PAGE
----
It is a common misconception that better technique, better equipment or luck will help you take better photographs of nudes. It won’t, but good ideas will.
Shooting nude glamour in a scrap yard. What could go wrong?
Improve your nude and glamour photographs by being aware of composition. Composing nude photographs is no more difficult than other subjects.
The basics are explained in Beginners Guide to Photography Composition. This article looks at their application to the nude.
Part 1 Pre-Shoot Communication For models (and photographers)
Working with experienced and inexperienced models is fun but there are a lot of pitfalls. Here’s how to avoid them. The key to a successful shoot is communication. So what do we photographers say? What do models want to know?
The word photography means painting, drawing or writing with light. It is impossible to make a photograph without light. The quality of your nude photography lighting depends on three things, the direction, intensity and quality of the light falling on and then reflected by your subject.
Photographing nude women in a scrap yard full of bits of sharp, oily metal. Not easy but the shoots produced some great pictures.
It is easy to take better nude photographs. Anyone, even the best at something, can always get better at it. All you have to do is acquire more knowledge, practice, and maybe have a bit of inspiration.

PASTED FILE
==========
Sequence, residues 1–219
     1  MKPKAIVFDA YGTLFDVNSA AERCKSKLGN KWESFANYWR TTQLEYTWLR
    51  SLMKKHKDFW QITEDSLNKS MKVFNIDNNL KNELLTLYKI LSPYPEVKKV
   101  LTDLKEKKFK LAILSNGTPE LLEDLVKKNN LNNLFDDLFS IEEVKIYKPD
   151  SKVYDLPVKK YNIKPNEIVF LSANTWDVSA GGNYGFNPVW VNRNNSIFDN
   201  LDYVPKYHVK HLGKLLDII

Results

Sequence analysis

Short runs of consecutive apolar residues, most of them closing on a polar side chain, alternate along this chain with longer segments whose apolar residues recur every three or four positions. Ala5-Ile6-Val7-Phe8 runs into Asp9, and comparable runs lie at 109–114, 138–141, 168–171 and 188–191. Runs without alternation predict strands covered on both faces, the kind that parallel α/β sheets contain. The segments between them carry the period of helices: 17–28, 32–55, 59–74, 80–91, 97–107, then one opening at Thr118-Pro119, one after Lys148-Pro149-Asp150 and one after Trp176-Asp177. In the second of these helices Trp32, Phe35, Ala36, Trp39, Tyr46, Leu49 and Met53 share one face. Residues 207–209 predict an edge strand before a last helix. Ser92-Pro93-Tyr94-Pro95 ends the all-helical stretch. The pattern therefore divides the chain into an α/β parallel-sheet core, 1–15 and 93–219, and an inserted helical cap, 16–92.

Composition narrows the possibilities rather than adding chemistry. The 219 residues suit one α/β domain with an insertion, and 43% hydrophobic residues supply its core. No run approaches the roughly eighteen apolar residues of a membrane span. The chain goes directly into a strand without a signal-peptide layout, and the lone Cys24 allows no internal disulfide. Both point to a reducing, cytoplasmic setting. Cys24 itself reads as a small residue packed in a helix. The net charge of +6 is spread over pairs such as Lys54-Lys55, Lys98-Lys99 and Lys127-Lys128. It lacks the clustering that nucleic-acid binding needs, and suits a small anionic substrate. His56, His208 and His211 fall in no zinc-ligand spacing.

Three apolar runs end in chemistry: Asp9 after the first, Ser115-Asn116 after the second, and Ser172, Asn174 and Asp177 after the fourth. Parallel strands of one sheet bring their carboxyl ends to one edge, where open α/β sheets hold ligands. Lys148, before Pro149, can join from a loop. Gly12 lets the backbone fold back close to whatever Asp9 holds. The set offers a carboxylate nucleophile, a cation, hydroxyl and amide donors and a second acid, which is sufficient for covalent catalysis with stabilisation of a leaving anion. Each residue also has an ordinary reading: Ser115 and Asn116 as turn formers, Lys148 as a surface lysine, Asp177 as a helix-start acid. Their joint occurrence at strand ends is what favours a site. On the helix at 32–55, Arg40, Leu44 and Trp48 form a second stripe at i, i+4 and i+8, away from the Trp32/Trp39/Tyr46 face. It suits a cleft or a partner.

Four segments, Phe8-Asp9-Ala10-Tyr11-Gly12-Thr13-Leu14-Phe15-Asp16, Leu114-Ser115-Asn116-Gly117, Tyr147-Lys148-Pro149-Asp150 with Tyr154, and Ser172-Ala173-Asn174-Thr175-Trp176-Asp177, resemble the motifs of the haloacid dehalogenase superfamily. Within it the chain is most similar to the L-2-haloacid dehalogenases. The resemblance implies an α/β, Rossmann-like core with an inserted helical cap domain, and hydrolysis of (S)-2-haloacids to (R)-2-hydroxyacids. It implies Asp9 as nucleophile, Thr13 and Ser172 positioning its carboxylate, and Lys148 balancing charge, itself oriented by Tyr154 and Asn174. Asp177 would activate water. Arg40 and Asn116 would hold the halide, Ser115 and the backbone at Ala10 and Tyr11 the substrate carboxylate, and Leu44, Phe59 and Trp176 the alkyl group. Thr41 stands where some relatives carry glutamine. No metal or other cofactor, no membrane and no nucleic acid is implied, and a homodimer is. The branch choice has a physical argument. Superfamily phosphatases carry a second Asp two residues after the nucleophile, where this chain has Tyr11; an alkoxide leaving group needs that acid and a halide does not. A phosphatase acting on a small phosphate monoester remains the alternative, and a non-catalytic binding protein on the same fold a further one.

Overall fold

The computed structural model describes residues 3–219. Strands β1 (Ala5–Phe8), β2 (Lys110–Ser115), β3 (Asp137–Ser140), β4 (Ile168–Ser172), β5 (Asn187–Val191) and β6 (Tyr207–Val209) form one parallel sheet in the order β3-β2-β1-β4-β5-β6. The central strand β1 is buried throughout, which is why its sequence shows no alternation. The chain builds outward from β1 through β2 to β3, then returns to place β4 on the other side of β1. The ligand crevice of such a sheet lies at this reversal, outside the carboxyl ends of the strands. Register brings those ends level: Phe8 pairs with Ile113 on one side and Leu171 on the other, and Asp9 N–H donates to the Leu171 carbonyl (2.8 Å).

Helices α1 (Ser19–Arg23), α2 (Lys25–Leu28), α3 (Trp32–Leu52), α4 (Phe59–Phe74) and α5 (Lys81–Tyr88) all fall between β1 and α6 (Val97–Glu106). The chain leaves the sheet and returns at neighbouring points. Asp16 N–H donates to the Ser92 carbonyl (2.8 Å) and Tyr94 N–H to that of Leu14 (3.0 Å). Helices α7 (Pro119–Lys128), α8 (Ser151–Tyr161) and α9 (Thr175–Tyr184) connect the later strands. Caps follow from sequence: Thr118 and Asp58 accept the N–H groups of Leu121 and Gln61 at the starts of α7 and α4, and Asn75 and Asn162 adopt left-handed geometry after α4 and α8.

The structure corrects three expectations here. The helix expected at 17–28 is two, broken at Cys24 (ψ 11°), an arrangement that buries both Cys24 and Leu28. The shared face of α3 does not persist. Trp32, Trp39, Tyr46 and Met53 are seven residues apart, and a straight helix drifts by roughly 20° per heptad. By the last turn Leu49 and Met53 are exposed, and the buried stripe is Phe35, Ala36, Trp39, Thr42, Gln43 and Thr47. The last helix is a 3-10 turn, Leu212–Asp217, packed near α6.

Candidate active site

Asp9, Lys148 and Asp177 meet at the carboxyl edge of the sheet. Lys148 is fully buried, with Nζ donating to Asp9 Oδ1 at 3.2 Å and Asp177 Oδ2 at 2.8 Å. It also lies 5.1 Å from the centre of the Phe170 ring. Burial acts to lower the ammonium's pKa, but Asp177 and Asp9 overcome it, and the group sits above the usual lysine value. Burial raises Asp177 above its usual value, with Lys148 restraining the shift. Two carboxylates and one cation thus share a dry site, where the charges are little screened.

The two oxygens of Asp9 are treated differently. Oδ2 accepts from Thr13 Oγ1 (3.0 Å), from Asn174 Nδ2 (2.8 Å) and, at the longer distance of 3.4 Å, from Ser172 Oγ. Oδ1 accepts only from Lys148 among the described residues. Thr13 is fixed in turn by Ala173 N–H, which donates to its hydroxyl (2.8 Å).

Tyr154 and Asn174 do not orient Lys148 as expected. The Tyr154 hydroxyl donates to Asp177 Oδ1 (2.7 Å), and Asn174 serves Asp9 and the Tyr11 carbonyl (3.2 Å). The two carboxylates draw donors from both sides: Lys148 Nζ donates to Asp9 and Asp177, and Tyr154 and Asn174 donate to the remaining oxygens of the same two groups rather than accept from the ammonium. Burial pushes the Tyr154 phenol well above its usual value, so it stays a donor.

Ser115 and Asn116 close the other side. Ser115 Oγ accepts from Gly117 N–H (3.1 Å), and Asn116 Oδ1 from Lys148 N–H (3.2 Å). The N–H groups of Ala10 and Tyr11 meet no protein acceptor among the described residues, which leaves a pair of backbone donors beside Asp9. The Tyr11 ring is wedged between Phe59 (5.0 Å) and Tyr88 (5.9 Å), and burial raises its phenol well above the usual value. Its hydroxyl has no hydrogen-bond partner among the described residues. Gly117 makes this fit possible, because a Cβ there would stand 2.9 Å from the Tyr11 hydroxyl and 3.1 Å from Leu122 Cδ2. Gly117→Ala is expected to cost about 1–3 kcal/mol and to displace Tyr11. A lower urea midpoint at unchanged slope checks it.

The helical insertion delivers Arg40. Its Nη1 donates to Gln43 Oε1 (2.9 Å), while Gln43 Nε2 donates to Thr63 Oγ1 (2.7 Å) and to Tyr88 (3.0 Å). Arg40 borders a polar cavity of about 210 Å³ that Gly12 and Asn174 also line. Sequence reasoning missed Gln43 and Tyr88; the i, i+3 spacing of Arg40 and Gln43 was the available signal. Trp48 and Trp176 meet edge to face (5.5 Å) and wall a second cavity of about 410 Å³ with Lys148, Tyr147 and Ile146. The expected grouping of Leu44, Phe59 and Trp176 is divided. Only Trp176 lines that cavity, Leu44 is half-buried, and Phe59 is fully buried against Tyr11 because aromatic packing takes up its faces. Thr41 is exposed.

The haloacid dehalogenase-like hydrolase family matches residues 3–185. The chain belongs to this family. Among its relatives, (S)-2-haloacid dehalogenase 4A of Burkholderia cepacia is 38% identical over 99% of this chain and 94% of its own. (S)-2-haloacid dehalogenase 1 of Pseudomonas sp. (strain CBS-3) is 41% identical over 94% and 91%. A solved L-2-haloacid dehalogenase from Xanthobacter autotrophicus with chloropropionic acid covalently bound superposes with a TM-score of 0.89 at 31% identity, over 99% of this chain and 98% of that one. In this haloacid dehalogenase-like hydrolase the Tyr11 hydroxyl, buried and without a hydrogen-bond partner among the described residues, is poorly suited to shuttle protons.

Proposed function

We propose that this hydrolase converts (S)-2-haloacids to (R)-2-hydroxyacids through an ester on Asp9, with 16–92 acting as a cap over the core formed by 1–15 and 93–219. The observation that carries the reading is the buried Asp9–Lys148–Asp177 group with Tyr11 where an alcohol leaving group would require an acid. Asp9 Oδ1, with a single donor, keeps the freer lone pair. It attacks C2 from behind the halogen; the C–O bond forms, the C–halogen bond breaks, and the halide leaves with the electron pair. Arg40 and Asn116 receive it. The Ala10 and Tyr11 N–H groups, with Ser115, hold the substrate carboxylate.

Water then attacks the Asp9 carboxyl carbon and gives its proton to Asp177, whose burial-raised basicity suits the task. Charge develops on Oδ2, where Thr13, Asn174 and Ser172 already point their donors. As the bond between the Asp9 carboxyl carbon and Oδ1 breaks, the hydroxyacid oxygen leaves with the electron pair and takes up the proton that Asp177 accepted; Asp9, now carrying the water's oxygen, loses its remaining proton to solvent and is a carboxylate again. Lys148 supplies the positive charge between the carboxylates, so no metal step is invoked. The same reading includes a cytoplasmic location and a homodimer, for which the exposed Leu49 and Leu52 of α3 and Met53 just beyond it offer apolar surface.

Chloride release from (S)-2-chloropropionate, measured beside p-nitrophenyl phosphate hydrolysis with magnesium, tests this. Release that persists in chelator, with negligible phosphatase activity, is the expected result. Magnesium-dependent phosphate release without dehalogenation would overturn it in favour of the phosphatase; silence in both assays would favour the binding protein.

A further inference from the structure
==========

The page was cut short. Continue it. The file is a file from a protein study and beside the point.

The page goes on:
There’s a lot to think about when shooting commercial glamour nudes. So here’s a few glamour nude tips with more from other photographers at the bottom of the page.
My glamour nude photographs are published on book covers, calendars and in magazines. Glamour can mean anything from a film star in a revealing dress, to swimsuit pictures on a beach or full frontal nudity. Glamour nude doesn’t always mean totally uncovered so here is a small portfolio of my most popular photos.
Daylight or Artificial Light
Nature has given us a large, bright light source complete with some very handy diffusers (clouds) which is wonderful for lighting nude photographs. Unfortunately we have no control over when these diffusers appear and, although the sun is always shinning it reaches us with varying intensity.
What lens have you got on that?
I hate talking about gear when I am using it. As a long suffering wedding photographer I used to dread the approach of the serious looking old gentleman, scuffed brown leather cased, 50’s vintage, camera round his neck. Usually he had just been fiddling with for at least ten minutes to take one photograph of his rather overweight, and definitely bored, wife in her best hat. I knew the inevitable question was coming.
‘What sort of lens have you got on that?’
‘That’ was usually a 6×4.5 Bronica film camera. We used to use medium format cameras because no one believed you were a pro with a 35mm SLR
My reply was often a completely genuine, ‘I don’t know.’
I could see him debating as to whether to rush off and exclaim to the bride that she had booked a complete idiot to take her wedding pictures, or whether to tell me not to be such a sarcastic bugger.